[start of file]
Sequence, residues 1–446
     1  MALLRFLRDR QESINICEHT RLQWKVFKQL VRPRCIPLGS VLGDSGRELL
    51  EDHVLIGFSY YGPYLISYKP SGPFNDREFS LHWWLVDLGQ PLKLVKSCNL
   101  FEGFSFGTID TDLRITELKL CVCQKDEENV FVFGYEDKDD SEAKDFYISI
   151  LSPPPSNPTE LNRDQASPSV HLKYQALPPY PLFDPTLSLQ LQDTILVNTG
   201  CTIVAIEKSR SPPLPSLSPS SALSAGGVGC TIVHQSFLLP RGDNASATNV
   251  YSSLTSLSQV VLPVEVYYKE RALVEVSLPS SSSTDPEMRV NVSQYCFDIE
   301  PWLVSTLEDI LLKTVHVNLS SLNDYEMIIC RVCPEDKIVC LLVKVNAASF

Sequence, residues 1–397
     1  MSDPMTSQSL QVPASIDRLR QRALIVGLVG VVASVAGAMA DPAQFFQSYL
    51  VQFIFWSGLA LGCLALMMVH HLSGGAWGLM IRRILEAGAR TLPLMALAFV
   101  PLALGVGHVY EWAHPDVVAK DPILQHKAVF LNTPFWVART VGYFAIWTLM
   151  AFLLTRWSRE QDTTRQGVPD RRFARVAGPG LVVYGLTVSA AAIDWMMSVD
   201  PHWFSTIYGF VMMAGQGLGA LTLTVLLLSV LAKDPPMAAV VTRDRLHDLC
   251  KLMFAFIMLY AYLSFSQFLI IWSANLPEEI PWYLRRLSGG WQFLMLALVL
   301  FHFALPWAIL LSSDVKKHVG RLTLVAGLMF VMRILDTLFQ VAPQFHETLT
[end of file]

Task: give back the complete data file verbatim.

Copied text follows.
Sequence, residues 1–446
     1  MALLRFLRDR QESINICEHT RLQWKVFKQL VRPRCIPLGS VLGDSGRELL
    51  EDHVLIGFSY YGPYLISYKP SGPFNDREFS LHWWLVDLGQ PLKLVKSCNL
   101  FEGFSFGTID TDLRITELKL CVCQKDEENV FVFGYEDKDD SEAKDFYISI
   151  LSPPPSNPTE LNRDQASPSV HLKYQALPPY PLFDPTLSLQ LQDTILVNTG
   201  CTIVAIEKSR SPPLPSLSPS SALSAGGVGC TIVHQSFLLP RGDNASATNV
   251  YSSLTSLSQV VLPVEVYYKE RALVEVSLPS SSSTDPEMRV NVSQYCFDIE
   301  PWLVSTLEDI LLKTVHVNLS SLNDYEMIIC RVCPEDKIVC LLVKVNAASF

Sequence, residues 1–397
     1  MSDPMTSQSL QVPASIDRLR QRALIVGLVG VVASVAGAMA DPAQFFQSYL
    51  VQFIFWSGLA LGCLALMMVH HLSGGAWGLM IRRILEAGAR TLPLMALAFV
   101  PLALGVGHVY EWAHPDVVAK DPILQHKAVF LNTPFWVART VGYFAIWTLM
   151  AFLLTRWSRE QDTTRQGVPD RRFARVAGPG LVVYGLTVSA AAIDWMMSVD
   201  PHWFSTIYGF VMMAGQGLGA LTLTVLLLSV LAKDPPMAAV VTRDRLHDLC
   251  KLMFAFIMLY AYLSFSQFLI IWSANLPEEI PWYLRRLSGG WQFLMLALVL
   301  FHFALPWAIL LSSDVKKHVG RLTLVAGLMF VMRILDTLFQ VAPQFHETLT